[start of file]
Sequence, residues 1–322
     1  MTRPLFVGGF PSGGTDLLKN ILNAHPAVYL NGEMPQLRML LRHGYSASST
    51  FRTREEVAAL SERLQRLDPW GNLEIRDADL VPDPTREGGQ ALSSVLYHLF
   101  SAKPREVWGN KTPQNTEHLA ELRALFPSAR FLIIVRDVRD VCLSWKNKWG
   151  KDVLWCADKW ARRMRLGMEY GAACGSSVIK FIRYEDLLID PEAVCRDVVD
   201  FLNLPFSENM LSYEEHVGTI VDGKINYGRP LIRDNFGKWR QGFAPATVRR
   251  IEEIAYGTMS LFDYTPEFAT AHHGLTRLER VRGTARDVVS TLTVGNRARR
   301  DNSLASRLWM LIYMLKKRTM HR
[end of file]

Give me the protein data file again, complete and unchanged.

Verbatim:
Sequence, residues 1–322
     1  MTRPLFVGGF PSGGTDLLKN ILNAHPAVYL NGEMPQLRML LRHGYSASST
    51  FRTREEVAAL SERLQRLDPW GNLEIRDADL VPDPTREGGQ ALSSVLYHLF
   101  SAKPREVWGN KTPQNTEHLA ELRALFPSAR FLIIVRDVRD VCLSWKNKWG
   151  KDVLWCADKW ARRMRLGMEY GAACGSSVIK FIRYEDLLID PEAVCRDVVD
   201  FLNLPFSENM LSYEEHVGTI VDGKINYGRP LIRDNFGKWR QGFAPATVRR
   251  IEEIAYGTMS LFDYTPEFAT AHHGLTRLER VRGTARDVVS TLTVGNRARR
   301  DNSLASRLWM LIYMLKKRTM HR